by Ricky Smith in In Season, Recipes, October 7th, 2014
by J.M. Hirsch in How-to, Recipes, November 14th, 2011
There are very few ingredients that can add to a dish what fresh fennel can add. It’s got a hint of sweetness, a nice crunch and a refreshing flavor. Known for being eaten raw as a palate cleanser at the end of a big Italian meal, it can be prepared or eaten just about any way you can imagine. Take these recipes, for example: roasted fennel in pasta, fennel salad and even a fennel slaw. Try out a few of these and before you know it you’ll be adding fennel into all kinds of things this fall.
Baked Penne with Fennel: When you think of creamy baked pasta, you don’t necessarily think of light flavors. But fennel can add the perfect soft flavor to just about anything — including this creamy baked penne. With pancetta, heavy cream and three different cheeses, the dish definitely benefits from the fennel’s subtle flavor.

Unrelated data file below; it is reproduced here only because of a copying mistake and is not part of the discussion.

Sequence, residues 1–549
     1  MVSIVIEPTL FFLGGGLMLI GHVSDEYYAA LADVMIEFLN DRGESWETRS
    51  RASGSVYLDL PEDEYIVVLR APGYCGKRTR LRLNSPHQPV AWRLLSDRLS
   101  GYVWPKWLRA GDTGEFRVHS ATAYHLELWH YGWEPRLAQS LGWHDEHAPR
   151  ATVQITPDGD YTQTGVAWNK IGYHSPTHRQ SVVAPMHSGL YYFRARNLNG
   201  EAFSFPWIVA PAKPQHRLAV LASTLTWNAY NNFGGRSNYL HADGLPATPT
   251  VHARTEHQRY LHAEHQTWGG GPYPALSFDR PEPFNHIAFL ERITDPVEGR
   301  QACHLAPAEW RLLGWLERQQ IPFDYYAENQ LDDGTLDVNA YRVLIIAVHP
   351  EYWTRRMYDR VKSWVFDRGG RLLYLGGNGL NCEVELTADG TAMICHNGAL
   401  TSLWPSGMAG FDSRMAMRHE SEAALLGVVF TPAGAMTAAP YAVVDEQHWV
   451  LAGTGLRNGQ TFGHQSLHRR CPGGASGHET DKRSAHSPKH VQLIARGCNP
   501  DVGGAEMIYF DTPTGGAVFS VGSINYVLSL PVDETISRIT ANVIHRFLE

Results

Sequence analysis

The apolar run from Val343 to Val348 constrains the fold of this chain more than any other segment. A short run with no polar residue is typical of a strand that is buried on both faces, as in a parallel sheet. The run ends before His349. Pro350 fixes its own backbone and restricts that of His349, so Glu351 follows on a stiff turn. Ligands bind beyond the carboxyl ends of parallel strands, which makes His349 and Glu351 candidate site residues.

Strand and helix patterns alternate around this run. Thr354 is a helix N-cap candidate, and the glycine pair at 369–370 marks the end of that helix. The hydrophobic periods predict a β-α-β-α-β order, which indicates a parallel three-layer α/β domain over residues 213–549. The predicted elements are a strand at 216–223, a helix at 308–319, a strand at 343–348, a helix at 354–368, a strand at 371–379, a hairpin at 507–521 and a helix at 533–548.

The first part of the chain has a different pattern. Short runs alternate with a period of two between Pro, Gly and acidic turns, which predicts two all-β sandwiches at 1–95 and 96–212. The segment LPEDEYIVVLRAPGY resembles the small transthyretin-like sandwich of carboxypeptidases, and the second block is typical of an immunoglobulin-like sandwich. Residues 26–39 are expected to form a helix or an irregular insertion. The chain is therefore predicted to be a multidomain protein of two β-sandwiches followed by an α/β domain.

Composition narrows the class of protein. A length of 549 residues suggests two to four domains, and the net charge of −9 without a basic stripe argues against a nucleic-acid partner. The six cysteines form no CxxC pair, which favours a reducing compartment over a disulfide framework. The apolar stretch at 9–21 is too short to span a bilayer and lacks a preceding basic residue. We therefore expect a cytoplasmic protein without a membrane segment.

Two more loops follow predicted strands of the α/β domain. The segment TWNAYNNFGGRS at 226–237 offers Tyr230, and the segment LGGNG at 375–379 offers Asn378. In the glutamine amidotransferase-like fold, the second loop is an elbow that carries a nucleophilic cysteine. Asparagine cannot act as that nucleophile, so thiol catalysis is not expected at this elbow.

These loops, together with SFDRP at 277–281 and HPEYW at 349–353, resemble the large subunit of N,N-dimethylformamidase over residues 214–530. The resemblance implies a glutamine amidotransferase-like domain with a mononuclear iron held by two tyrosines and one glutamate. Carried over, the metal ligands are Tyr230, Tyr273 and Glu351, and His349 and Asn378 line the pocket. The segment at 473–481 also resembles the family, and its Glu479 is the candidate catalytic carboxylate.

If ever there was a vegetable dogged by misunderstanding, fresh fennel is it.
Because while it may taste like anise and look like a bulb, it’s neither. And don’t let the grocery workers who love to label it that way tell you otherwise.
Fennel may taste like anise, and is a relative of it, but they are separate plants. And while the base of fennel is bulbous, that’s a shape, not its plant variety.
So now that we’ve cleared up what fennel isn’t, let’s focus on what it is.
Fresh fennel resembles a cross between cabbage, celery and dill. The taste is assertively (though not unpleasantly) licorice and sweet. The base of the fennel is round with tightly overlapping pale-green leaves. Sprouting out of that are long celery stalks topped with fine frilly leaves.
Fennel Egg Salad Sandwiches »